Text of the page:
While there are wide-ranging and contradictory assessments as to the U.S. economy's future performance and the adverse impact of the still unfolding Euro-zone crisis, the charts below graphically indicate improvement in some key parameters of the U.S. economy over the past 12 months. I use September 2011 as a starting point, set the actual data as of that date to 100, and present all subsequent data as a multiple of the September 2011 level.
Over the past 12 months, consumer confidence has risen by ~50% and retail sales have increased ~5%:
Chart 1: Consumer Confidence and Retail Sales (Sep 2011 = 100)
Over the past 12 months, industrial production and shipment of manufactured goods have increased by ~2.5%:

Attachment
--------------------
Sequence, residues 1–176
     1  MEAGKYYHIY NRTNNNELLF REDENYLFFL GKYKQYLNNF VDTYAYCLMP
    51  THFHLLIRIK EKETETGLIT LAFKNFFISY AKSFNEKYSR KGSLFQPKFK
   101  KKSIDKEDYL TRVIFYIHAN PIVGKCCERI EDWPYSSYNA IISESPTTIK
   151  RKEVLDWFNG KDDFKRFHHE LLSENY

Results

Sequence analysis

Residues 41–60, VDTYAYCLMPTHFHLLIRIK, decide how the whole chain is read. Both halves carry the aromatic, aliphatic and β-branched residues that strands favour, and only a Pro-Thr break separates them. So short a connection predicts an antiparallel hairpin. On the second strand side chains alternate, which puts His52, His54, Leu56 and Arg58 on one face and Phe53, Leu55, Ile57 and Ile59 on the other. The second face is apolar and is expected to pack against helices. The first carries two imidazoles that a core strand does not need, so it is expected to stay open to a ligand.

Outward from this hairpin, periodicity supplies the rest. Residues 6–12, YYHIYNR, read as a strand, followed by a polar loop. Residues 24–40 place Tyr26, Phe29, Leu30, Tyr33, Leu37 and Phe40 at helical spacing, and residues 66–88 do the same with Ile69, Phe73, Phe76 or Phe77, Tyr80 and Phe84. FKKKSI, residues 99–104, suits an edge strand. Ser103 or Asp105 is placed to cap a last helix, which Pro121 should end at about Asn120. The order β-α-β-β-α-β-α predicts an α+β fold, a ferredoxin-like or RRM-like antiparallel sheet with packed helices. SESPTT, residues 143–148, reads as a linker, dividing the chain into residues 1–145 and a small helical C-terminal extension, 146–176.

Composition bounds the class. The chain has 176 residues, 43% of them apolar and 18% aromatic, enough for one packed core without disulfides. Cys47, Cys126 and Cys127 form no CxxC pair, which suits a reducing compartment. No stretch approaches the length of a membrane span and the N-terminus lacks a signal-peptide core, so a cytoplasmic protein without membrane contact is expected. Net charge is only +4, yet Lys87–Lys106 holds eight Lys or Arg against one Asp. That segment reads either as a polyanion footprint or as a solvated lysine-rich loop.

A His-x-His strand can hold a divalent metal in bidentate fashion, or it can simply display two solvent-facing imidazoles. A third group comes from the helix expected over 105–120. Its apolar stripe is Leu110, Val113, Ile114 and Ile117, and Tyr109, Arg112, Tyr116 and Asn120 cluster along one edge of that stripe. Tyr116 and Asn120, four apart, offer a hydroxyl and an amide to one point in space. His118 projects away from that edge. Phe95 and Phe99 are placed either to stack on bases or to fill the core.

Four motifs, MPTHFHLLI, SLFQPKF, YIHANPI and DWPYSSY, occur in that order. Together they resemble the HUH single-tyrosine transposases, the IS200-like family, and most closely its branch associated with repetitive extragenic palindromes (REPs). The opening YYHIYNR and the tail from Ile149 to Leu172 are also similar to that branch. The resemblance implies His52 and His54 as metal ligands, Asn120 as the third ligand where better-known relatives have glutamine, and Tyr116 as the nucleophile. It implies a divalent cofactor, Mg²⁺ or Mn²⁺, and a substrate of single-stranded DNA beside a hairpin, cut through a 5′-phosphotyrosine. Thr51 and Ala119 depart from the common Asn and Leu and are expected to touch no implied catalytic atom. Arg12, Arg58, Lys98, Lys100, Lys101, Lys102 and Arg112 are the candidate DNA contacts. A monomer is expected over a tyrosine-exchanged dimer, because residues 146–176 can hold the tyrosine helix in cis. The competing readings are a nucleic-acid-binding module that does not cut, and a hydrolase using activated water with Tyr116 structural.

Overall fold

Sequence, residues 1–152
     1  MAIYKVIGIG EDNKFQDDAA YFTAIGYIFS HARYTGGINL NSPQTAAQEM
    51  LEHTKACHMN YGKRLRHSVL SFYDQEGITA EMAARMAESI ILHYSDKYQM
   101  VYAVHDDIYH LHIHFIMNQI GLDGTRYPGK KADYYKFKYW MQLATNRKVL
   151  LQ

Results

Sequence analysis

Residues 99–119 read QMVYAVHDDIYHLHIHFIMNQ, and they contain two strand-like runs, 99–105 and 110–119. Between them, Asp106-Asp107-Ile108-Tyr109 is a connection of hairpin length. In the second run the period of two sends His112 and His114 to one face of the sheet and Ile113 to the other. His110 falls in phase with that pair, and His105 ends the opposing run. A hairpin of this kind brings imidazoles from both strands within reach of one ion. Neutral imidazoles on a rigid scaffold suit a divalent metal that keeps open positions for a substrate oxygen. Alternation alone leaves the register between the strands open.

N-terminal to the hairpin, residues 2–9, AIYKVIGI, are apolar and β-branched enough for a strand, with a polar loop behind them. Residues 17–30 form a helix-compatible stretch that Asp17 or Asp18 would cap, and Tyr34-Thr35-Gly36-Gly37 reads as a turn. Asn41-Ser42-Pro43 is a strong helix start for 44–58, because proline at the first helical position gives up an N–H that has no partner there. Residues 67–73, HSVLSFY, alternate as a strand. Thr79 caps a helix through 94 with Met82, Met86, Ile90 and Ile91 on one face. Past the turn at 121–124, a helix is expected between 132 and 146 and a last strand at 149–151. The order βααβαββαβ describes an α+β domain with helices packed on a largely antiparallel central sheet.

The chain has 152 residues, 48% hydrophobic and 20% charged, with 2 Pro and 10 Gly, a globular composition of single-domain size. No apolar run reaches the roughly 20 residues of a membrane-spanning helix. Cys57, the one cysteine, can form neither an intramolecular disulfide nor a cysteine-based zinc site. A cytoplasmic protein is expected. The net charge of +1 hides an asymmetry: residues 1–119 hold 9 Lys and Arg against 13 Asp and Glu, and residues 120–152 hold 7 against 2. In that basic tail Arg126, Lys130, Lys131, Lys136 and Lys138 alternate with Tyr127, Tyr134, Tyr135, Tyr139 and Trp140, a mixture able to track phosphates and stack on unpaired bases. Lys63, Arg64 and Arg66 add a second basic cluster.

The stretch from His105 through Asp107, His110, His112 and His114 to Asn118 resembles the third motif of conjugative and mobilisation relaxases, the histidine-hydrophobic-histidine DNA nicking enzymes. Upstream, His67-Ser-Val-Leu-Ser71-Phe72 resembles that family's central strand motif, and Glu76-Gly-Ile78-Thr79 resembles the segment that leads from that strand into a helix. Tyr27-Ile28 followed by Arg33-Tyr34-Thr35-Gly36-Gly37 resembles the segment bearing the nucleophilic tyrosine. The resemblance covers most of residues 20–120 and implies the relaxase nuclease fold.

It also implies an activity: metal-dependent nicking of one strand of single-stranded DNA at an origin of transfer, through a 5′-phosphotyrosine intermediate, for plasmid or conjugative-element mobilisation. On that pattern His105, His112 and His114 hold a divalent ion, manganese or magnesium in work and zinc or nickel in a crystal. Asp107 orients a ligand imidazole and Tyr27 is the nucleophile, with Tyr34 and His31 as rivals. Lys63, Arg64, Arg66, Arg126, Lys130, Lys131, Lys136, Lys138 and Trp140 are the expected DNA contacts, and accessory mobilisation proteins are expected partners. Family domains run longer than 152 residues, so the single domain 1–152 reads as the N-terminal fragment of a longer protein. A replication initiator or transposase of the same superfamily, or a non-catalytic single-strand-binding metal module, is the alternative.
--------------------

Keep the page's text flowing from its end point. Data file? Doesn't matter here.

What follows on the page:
Chart 2: Industrial Production & Shipments of Manufactured Goods (Sep 2011 = 100)
Over the past 12 months, housing starts and new home sales have increased by ~25% to 35%:
Chart 3: Housing Starts and New Home Sales (Sep 2011 = 100)
Over the last 12 months, unemployment has dropped from 9% to 7.8%. While the overall level is still high, data from the U.S. Bureau of Labor Statistics indicates the number of people unemployed has decreased from 13.9 to 12.1 million over the past year.
Chart 4: Unemployment Rate (Sep 2011 = 100)
Year-to-date GDP growth has improved in 2012 over 2011:
Overall, the message conveyed by these charts is that by some measures the U.S. economy has made progress over the past year; in some cases the progress has been substantial, in others halting. But there is no doubt that the general direction is positive.
Disclosure: I have no positions in any stocks mentioned, and no plans to initiate any positions within the next 72 hours. I wrote this article myself, and it expresses my own opinions. I am not receiving compensation for it. I have no business relationship with any company whose stock is mentioned in this article.